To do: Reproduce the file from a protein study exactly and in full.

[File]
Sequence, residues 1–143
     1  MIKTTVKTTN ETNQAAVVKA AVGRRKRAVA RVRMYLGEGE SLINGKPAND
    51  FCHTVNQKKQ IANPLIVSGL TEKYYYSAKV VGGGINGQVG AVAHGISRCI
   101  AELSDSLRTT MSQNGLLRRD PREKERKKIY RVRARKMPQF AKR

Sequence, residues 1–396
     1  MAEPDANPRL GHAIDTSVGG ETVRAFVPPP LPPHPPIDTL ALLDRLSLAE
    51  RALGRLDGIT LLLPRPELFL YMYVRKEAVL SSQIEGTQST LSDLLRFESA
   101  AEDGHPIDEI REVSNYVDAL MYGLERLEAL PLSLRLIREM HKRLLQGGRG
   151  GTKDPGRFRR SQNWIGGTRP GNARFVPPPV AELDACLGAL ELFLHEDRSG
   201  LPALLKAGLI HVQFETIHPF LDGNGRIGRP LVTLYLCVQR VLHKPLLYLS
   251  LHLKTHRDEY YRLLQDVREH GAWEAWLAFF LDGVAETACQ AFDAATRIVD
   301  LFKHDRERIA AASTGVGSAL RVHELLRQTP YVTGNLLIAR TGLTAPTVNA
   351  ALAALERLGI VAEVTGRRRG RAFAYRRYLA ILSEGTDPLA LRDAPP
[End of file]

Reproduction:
Sequence, residues 1–143
     1  MIKTTVKTTN ETNQAAVVKA AVGRRKRAVA RVRMYLGEGE SLINGKPAND
    51  FCHTVNQKKQ IANPLIVSGL TEKYYYSAKV VGGGINGQVG AVAHGISRCI
   101  AELSDSLRTT MSQNGLLRRD PREKERKKIY RVRARKMPQF AKR

Sequence, residues 1–396
     1  MAEPDANPRL GHAIDTSVGG ETVRAFVPPP LPPHPPIDTL ALLDRLSLAE
    51  RALGRLDGIT LLLPRPELFL YMYVRKEAVL SSQIEGTQST LSDLLRFESA
   101  AEDGHPIDEI REVSNYVDAL MYGLERLEAL PLSLRLIREM HKRLLQGGRG
   151  GTKDPGRFRR SQNWIGGTRP GNARFVPPPV AELDACLGAL ELFLHEDRSG
   201  LPALLKAGLI HVQFETIHPF LDGNGRIGRP LVTLYLCVQR VLHKPLLYLS
   251  LHLKTHRDEY YRLLQDVREH GAWEAWLAFF LDGVAETACQ AFDAATRIVD
   301  LFKHDRERIA AASTGVGSAL RVHELLRQTP YVTGNLLIAR TGLTAPTVNA
   351  ALAALERLGI VAEVTGRRRG RAFAYRRYLA ILSEGTDPLA LRDAPP